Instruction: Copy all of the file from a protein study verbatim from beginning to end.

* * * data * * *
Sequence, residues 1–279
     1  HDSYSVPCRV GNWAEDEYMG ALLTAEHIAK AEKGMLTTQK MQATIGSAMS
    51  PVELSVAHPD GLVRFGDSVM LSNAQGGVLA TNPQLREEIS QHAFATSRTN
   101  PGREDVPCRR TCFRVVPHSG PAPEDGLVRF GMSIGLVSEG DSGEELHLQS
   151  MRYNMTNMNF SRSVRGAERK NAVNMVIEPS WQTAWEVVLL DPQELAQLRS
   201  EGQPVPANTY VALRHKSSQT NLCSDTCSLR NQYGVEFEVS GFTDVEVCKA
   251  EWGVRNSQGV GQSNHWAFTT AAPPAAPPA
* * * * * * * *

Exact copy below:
Sequence, residues 1–279
     1  HDSYSVPCRV GNWAEDEYMG ALLTAEHIAK AEKGMLTTQK MQATIGSAMS
    51  PVELSVAHPD GLVRFGDSVM LSNAQGGVLA TNPQLREEIS QHAFATSRTN
   101  PGREDVPCRR TCFRVVPHSG PAPEDGLVRF GMSIGLVSEG DSGEELHLQS
   151  MRYNMTNMNF SRSVRGAERK NAVNMVIEPS WQTAWEVVLL DPQELAQLRS
   201  EGQPVPANTY VALRHKSSQT NLCSDTCSLR NQYGVEFEVS GFTDVEVCKA
   251  EWGVRNSQGV GQSNHWAFTT AAPPAAPPA